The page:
Mindfulness

Mindfulness in the Face of Uncertainty

Rarely do we truly have control. But, the illusion that we do sustains us in our daily life. It gives us a sense of the world around us as a predictable place. Right now as our world is battles with the COVID19 virus, we don’t have that sense of predictability. And that can leave many folks worried, fearful, and desperate. I’d like to offer a few simple ideas for you to consider bringing into your daily life. In the face of uncertainty, these mindfulness-based tools can assist you in returning to the present moment.

Please know that these ideas are not ‘one size fits all’. Please take what works for you, adapt it, or grow it to make it more suitable to your daily life.

Stay-Well-during-COVID19-3

Start your day with a Reflection: Take a quiet moment before the action of your day amps up. Listen to meditation on your smart phone, or just draw your attention inward and ask yourself what you need to stay well this day. Then, set your intention for the day. Setting an intention can just foster an area of focus for the day. For example, it could be “Today I will be present and kind”. It creates an anchor for you to return to throughout the day. Writing down the intention and placing it somewhere you will see it throughout your day can help ensure your bring your attention back to it as needed.

Get out of Bed and Get Dressed: If you are isolated or in quarantine at this time, and your daily life has been interrupted (you are no longer going to work, to school, etc.), please still get up and get dressed. Maintain your morning hygiene routine, or start the one you’ve always wanted and never had time for.  Your mental health with benefit from the day being bookended with getting up and getting dressed in the morning, and washing up and putting on pyjamas at the end of the day.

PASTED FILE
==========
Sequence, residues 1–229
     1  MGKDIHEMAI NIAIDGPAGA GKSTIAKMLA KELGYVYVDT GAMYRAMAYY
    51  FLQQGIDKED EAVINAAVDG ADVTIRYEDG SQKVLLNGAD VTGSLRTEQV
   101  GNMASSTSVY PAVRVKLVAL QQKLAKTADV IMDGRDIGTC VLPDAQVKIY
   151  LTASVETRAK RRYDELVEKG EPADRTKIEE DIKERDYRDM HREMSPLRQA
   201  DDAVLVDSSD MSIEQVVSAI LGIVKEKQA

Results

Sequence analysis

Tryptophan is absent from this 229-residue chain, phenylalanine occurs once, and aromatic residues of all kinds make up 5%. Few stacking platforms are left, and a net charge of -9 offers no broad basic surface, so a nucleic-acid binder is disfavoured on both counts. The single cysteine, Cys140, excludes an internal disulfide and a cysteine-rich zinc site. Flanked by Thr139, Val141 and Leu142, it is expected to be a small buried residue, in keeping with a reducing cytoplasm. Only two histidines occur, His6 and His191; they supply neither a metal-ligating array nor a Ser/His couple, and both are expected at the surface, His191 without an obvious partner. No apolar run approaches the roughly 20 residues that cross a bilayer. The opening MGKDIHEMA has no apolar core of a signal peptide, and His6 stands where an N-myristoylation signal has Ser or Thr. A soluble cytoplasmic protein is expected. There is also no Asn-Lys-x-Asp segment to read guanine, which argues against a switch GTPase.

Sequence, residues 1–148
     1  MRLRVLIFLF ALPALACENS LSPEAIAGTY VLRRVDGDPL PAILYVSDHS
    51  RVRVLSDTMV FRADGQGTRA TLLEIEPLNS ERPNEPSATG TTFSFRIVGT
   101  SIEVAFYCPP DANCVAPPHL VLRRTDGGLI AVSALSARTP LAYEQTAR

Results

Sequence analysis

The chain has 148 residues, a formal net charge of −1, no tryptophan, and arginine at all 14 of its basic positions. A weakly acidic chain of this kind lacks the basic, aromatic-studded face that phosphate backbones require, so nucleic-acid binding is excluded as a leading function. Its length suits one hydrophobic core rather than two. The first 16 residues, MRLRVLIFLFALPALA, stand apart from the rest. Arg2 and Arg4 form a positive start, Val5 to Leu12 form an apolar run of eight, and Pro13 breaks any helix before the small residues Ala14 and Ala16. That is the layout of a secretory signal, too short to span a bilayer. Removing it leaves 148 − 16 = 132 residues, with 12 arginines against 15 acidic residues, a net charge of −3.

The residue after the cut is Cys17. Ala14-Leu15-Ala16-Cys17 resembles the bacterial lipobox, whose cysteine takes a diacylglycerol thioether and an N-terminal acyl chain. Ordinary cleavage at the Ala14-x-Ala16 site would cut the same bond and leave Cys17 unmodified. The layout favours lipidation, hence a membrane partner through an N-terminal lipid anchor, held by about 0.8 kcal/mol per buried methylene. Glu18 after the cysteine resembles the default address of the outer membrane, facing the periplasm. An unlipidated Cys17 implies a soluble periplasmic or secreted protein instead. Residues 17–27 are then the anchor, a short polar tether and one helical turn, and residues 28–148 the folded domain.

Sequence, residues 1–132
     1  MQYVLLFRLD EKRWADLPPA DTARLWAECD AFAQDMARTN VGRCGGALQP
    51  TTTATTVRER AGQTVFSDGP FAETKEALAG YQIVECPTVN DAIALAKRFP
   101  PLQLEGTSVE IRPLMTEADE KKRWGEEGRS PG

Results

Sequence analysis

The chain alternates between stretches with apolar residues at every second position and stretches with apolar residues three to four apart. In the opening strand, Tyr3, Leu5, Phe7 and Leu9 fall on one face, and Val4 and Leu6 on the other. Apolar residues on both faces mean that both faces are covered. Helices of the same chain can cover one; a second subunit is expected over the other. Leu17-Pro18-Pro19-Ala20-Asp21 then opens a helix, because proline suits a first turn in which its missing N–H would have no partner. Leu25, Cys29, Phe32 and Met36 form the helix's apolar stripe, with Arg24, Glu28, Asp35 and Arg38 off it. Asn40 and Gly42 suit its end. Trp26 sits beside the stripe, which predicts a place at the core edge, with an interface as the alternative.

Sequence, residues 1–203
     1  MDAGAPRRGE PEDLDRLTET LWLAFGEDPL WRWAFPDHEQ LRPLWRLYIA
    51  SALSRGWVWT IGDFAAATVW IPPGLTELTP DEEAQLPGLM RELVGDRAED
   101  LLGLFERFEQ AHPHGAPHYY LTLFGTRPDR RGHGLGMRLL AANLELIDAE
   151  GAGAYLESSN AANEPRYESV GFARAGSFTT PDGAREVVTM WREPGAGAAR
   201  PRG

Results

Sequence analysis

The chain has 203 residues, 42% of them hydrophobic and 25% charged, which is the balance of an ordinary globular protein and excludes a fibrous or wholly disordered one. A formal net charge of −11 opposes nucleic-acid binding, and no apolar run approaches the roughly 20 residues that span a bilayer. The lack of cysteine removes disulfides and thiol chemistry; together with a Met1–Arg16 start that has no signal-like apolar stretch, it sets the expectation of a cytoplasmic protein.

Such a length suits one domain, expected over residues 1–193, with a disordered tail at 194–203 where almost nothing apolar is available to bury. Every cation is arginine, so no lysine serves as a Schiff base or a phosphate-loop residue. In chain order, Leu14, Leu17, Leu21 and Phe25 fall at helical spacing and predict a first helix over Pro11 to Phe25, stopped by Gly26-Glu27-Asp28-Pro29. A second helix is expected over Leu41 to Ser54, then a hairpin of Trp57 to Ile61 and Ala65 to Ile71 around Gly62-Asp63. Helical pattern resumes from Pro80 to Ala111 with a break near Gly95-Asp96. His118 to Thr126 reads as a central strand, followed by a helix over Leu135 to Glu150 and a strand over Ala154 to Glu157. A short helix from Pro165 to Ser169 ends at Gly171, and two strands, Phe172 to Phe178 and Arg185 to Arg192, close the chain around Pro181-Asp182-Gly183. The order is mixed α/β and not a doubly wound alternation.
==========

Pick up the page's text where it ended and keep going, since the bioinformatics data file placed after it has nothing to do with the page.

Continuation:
Daily Goal Setting: Regardless of your living situation, set 3 small, achievable goals for each day. These goals can range from “I will get out of bed at 8am and take a shower this morning”, to “I will sit on the floor and play a game with my child today”. Set 3 small goals every morning, and take a moment to reflect on them each evening. Achieving the small daily goals will build self-esteem and integrity with yourself, because you accomplished that which you intended to accomplish.

Go Outside: If you are socially distancing or in quarantine, take a few moments to go outside. You don’t have to be in a public place to be outside. Take a short walk or even just sit outside. The change of scenery will help bolster your mood.

Connect with Love: if you are living with children or have a spouse, make sure to connect with them with love each day. These are uncertain times for them as well, and they are likely also feeling fearful and/or worried. Try speaking their love language at least twice a day. If you aren’t familiar with the concept of love languages, check out: https://www.5lovelanguages.com/quizzes/

Don’t Stop Connecting: If you live alone, please maintain your social connections. Call, text, or e-mail with at least one person a day. Do not go this alone.

Take care, and please stay safe.

Mindful Parenting

Excessive Control is Problematic

IMG_2950A degree of control in our lives can create a sense of security. We also require it in healthy dosages in order to be the autonomous healthy people we strive to be. A degree of control in our parenting is necessary when creating structure, routine, and boundaries in our home and with our children. However, control can also wreck havoc on our interpersonal relationships if it becomes excessive. Before going in to detail, I would like to share a story…